Nfld. & Labrador

How one St. John's teacher gave Steve Maloney the confidence to get on stage and sing

Jacinta Mackey Graham saw something in Steve Maloney's talent that he didn't know was there. Now, she's being inducted into the ArtsNL Hall of Honour.

Jacinta Mackey Graham is being inducted into the ArtsNL Hall of Honour this month

If it wasn't for theatre arts teacher Jacinta Mackey Graham's support, Steve Maloney says he might never have made it as a musician. (Katie Breen/CBC)

On the very first week of the 2004-2005 school year, Gongaza High School theatre arts teacher Jacinta Mackey Graham had the impulsive idea to pull an extremely shy Grade 10 student out of his science class.

She'd been desperately on the lookout for male singers for the school's chamber choir, and had been tipped off about a potential vocalist but was told "good luck" getting him to sing in a choir.

He'd sing along to the radio in the car, or maybe while hanging out with his friends, but absolutely never in public.

But Mackey Graham was persistent, and she asked him to sing anything, even O Canada, just to let her see what his voice sounded like.

When he opened his mouth and started to sing, she knew right away he had a gift.

"I remember saying 'Oh my God' and [his] reaction was 'See I told you I can't sing' and I said, 'No, oh my God, this is a beautiful voice.'"

The singer? Steve Maloney, now the winner of multiple MusicNL awards, star of a recent production of Rent, and arguably one of the province's most well-known contemporary songwriters.

Reunited at ArtsNL awards

Nearly 14 years later, the two are being honoured at April's ArtsNL awards.

Maloney is nominated for Artist of the Year, while Mackey Graham is being inducted into the ArtsNL Hall of Honour, in part for her contributions to the province's music and theatre scenes, but also for her role mentoring young students like Maloney.

Without Mackey Graham's early support, Maloney said it's possible, even likely, he wouldn't be the award-winning musician he is today.

"Definitely not," said Maloney. "I'd be probably working at the bank or something."

Steve Maloney performs in CBC's Studio F. (CBC)

Instead, with Mackey Graham's early vote of confidence, Maloney started on his journey.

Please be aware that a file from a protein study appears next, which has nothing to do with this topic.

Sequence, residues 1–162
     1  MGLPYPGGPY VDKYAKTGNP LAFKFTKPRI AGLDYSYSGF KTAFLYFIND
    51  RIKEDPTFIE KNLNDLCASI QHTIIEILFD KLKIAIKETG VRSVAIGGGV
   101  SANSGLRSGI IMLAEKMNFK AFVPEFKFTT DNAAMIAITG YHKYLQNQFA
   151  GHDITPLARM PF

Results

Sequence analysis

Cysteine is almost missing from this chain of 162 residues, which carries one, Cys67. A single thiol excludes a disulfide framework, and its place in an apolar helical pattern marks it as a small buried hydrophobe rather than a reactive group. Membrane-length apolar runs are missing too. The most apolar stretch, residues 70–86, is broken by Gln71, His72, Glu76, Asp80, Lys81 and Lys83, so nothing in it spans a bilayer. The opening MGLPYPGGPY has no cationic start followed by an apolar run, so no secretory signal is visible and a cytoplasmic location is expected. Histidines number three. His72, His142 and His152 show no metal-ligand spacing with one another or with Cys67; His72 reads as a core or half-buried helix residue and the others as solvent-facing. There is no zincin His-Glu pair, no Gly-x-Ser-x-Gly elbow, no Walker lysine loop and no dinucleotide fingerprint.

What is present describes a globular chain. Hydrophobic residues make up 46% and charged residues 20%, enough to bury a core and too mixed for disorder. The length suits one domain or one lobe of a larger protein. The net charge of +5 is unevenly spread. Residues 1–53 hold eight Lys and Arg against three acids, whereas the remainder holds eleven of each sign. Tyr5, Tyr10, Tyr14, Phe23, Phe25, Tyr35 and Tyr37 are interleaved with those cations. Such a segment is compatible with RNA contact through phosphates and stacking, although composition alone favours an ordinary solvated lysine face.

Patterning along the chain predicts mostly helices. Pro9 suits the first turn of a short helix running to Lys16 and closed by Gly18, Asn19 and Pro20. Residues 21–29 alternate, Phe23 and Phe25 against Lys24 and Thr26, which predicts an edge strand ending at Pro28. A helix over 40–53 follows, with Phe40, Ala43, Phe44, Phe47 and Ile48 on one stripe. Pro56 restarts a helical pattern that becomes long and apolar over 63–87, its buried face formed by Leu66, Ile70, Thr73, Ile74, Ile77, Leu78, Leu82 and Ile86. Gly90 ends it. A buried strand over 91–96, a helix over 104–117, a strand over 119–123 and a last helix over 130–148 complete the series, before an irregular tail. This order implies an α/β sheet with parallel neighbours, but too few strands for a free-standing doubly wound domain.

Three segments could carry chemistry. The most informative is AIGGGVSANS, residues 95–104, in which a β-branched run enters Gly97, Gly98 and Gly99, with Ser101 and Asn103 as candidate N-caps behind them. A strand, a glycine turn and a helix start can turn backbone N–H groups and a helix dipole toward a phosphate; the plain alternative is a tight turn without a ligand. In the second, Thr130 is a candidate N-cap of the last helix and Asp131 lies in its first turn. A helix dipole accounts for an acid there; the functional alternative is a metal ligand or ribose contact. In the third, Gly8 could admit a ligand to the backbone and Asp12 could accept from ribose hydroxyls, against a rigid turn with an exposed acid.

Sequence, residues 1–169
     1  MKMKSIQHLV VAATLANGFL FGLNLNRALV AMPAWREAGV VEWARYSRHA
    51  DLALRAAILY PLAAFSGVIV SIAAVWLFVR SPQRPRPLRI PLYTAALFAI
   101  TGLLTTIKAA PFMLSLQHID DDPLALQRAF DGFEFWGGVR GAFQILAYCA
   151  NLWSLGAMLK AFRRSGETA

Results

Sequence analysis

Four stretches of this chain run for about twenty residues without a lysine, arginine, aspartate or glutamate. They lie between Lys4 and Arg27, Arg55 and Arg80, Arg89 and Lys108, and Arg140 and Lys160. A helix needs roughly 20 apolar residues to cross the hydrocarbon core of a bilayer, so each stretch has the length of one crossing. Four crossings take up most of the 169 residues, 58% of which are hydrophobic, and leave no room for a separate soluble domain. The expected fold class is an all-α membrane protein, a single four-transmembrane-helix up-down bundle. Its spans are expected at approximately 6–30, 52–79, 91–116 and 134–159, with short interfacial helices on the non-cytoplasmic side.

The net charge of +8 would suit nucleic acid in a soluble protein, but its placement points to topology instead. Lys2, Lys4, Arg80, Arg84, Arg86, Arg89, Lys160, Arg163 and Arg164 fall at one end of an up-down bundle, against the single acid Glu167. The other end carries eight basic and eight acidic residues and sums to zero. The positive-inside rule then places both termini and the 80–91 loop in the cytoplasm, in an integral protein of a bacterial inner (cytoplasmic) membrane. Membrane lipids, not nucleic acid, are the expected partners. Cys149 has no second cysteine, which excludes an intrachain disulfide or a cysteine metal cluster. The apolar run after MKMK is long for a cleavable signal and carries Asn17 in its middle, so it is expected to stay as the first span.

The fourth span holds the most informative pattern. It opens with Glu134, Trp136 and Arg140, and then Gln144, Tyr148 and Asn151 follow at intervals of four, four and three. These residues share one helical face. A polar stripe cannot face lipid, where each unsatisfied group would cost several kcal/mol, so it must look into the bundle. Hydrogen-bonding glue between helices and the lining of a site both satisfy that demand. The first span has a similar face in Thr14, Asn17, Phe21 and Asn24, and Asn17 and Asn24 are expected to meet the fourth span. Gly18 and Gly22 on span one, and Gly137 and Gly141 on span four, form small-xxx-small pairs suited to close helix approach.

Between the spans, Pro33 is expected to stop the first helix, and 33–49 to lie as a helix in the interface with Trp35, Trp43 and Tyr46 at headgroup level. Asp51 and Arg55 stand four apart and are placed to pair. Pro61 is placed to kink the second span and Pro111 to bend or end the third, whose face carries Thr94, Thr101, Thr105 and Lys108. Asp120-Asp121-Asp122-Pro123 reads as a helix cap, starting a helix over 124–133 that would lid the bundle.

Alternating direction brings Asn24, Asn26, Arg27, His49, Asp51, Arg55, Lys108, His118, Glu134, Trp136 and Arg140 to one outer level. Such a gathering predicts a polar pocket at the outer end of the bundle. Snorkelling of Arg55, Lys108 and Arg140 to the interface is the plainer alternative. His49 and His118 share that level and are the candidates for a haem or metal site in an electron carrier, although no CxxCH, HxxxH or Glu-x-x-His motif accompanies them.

"It was, I would say, terrifying at the time," he said.

"The strange thing is I think I always enjoyed it, like I feel like a part of me wanted to do it, but I always had sort of a mental block, or a personal block where I couldn't allow myself to do it because 'Oh no, you can't be that, you have to just fit in and not do anything.'"

After hearing his stirring rendition of O Canada, Mackey Graham went above and beyond seeking Maloney out for the choir, and called his mom to tell her she had set him up with a private voice teacher.

With a little negotiating, or to hear Maloney tell it today bribery (a bass guitar), his mom convinced him to go to the lessons.

The rest, as they say, is history.

Life-changing show of support

In the span of a day, Maloney's life was on a different track.

"It went from singing a couple of lines of Oh Canada to now you're in voice lessons, to now you're in the chamber choir, to now you're in every ensemble that Gonzaga has," said Mackey Graham.

These days, he's headlining shows in St. John's and other cities across Canada, starring in musicals, and is known for not only his voice but his deft lyricism and musicianship.

"To hear him now writing his own music, and he truly has the soul of the poet you know. Those steps, those baby steps that you take … I just truly believe that things are supposed to happen," said Mackey Graham.

Kim's Convenience star Nicole Power, far right, was a student of Jacinta Mackey Graham's while she was attending high school in St. John's. (Jeremy Eaton/CBC)

During her time as a theatre arts teacher — Mackey Graham retired in 2010 —  she taught many students who went on to work in the creative fields, including Broadway Mamma Mia! star Tina Maddigan, and Kim's Convenience actress Nicole Power.

For Maloney, he'll always remember and be grateful for the teacher who started him out on this route, and inspired him to get out of his shell and stake a claim to his talent.

"It's so important to have someone in your corner saying that this is okay and that you do have something worth pursuing," he said.

"All your students were better for that and found confidence in what you gave them, and I know we're all thankful for that."

Jacinta Mackey Graham will be inducted into the ArtsNL Hall of Honour on April 28 at a ceremony in Labrador City.

With files from On The Go